“It’s a big re­spon­si­bil­ity, be­cause these peo­ple work for me at the end of the day. They work to give me a good car to get re­sults and so I, in turn, need to de­liver out on track be­cause they have worked so hard. It’s a big re­spon­si­bil­ity and I want to do well for them.”

Ocon’s rise has been rapid. Since se­cur­ing the GP3 ti­tle in Abu Dhabi just over a year ago, he moved to DTM and took on a Re­nault re­serve role be­fore com­menc­ing rac­ing for Manor. And even be­fore his rst sea­son as a pro­fes­sional driver was over, he had been given a two-year Force In­dia con­tract, earned ahead of fel­low Mercedes young­ster Pas­cal Wehrlein af­ter just nine races as team-mates.

“I’ve learned that re­sults aren’t the only thing that peo­ple look at,” says Ocon. “It’s the full pack­age. It’s feed­back; how you work with the team; how you get along with the team. I’ll al­ways be my­self. It’s al­ways worked so I will make sure I don’t change on that side.

“I’ve al­ways nat­u­rally been like this. If I start to change I think my dad will be un­happy and he will slap me in the face!”

Ocon’s sprightly de­meanour this morn­ing is largely down to hav­ing had his fun on Force In­dia’s new sim­u­la­tor the day be­fore. It has been up­graded since he last used it back in 2015, and test­ing the “mega-quick” new car has made a big im­pres­sion on him.

It’s a good job he’s full of en­ergy, be­cause a busy day awaits. Af­ter our chat, Ocon heads straight through two small doors to the race bays for a seat t. He’s greeted by a car-build me­chanic who in­tro­duces him­self as ‘Mon­key’ (full name: Paul Hate­ley) be­fore his race en­gi­neer, Bradley Joyce, joins the group. Ocon tests Mon­key by open­ing their con­ver­sa­tion in French, but the me­chanic’s lan­guage skills quickly desert him.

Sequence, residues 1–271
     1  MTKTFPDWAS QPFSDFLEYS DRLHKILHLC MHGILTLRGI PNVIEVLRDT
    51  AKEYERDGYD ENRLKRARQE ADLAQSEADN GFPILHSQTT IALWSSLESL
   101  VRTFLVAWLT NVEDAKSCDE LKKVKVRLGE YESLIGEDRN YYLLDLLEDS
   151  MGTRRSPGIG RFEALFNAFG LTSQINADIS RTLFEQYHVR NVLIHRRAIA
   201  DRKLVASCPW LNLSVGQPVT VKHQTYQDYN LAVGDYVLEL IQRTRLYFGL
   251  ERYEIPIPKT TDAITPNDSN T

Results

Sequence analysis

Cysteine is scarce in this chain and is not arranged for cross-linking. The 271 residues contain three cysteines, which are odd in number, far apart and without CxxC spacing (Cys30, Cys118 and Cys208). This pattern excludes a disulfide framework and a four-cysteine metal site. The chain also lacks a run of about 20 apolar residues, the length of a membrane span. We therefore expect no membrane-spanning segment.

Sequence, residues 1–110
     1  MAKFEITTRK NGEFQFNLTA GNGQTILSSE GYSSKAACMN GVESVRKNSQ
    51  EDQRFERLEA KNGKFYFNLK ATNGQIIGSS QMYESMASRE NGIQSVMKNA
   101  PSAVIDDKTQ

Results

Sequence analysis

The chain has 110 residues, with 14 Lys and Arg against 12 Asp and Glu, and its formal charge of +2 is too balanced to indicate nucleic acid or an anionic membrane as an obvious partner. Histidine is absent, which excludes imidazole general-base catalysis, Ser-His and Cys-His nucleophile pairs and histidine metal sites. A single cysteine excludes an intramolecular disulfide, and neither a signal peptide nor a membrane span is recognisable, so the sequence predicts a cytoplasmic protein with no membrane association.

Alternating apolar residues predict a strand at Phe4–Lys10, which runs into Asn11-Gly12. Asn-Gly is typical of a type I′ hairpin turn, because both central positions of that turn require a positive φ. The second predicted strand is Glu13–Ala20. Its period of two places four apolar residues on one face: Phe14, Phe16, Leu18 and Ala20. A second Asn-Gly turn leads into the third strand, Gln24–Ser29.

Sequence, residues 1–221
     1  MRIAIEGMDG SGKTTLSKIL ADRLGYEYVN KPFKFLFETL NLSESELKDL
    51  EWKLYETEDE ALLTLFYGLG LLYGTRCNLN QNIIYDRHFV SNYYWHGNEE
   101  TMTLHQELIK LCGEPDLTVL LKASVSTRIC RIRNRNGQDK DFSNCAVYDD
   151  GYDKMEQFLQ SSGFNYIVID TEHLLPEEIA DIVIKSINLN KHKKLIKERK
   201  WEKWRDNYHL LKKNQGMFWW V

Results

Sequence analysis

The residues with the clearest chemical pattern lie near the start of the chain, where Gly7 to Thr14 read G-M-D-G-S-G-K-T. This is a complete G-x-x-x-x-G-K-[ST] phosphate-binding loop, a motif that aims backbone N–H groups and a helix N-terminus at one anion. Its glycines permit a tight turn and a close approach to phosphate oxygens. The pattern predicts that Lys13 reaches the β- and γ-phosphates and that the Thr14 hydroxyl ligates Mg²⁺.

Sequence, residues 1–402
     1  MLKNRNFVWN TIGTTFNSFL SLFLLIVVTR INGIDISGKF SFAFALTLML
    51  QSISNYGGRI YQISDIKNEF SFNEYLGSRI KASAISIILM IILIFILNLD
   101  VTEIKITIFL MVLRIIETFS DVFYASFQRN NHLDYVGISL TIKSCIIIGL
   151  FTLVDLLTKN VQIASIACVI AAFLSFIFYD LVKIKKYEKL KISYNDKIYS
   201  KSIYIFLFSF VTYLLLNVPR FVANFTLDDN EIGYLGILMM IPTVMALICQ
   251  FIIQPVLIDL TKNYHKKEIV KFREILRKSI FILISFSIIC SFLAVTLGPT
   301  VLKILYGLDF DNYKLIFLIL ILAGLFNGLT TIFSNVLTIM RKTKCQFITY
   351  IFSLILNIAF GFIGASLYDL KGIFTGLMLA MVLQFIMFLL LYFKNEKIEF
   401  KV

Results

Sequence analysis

The 2017 car – the tub hav­ing been built in-house for the rst time – sits cov­ered from pry­ing eyes be­hind the chas­sis be­ing used for the seat fit. For our ben­e­fit, this is a much more laid-back ap­proach than usual, but as soon as Ocon set­tles into the cock­pit and notes the lack of ped­als, he sud­denly switches to full-pro­fes­sional mode, telling Joyce how he didn’t like the OMP seat­belts at Re­nault. For­tu­nately, Force In­dia uses belts made by Schroth.

Ocon’s ar­rival is the rst driver change at Force In­dia since 2014, but it’s a fresh in­jec­tion of youth that Joyce rel­ishes. “Young ones tend to be eas­ier to work with,” he ad­mits. “They don’t get any eas­ier as they get older!”

Fol­low­ing the seat dit, there’s a quick trip to the travel of­fice. Two pre-sea­son tests and 20 races re­quires a lot of plan­ning, but even the winter is tricky. Ocon is spend­ing the pre-sea­son away from home as he al­ter­nates be­tween the fac­tory and his train­ing camp at 321 Per­form, in Fort Romeu, set up by rally driver Sébastien Ogier’s former physio. “Dur­ing the next two months I will come to the fac­tory maybe six or seven times,” Ocon ex­plains. “I will stay for a cou­ple of days at a time, and they will be long days. So I’ll be in the UK and then I’ll go back to the Pyre­nees for the train­ing. It means I won’t get to go home for two months. And I’ll be do­ing that, go­ing back and forth, each time.”